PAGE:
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September 13, 1965


JAMA. 1965;193(11):956-957. doi:10.1001/jama.1965.03090110094028

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Doctor, philosopher, musician, humanist, theologian—Albert Schweitzer was all these. Son of a Lutheran pastor in the beautiful village of Gunsbach in the province of Alsace, he knew in happy childhood the stern discipline of the Germans and the gay romanticism of the French. Educated under both disciplines, he was bilingual and geographically polycentric, but his character and personality were all deutsch.

The young Schweitzer was something of a musical prodigy, if such can be measured by tireless effort to develop a somewhat above average talent. Never a brilliant student, he was the "tortoise" attaining excellence by sincerity of purpose and dogged perseverence. Never a lovable youth, he exasperated his elders by precocious assertions on moral and religious matters certain to fall unpleasantly upon pious ears. He is said to have had a violent temper.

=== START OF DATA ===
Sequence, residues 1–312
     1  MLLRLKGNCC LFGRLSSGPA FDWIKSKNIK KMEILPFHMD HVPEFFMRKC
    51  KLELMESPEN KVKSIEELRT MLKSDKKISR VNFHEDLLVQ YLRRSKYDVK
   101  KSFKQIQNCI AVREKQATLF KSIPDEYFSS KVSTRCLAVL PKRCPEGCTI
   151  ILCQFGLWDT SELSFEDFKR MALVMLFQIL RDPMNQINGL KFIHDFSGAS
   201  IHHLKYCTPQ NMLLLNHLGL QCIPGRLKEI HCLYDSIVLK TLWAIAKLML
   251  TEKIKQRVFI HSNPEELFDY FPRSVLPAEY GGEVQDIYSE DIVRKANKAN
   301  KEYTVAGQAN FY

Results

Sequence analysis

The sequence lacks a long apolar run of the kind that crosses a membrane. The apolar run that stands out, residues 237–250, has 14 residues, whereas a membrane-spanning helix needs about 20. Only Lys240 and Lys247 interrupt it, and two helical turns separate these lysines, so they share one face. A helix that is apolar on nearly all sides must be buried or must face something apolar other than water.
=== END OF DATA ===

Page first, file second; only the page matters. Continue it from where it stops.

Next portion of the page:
At the age of 18, Schweitzer entered Strassburg University and, follwing in his father's footsteps, matriculated

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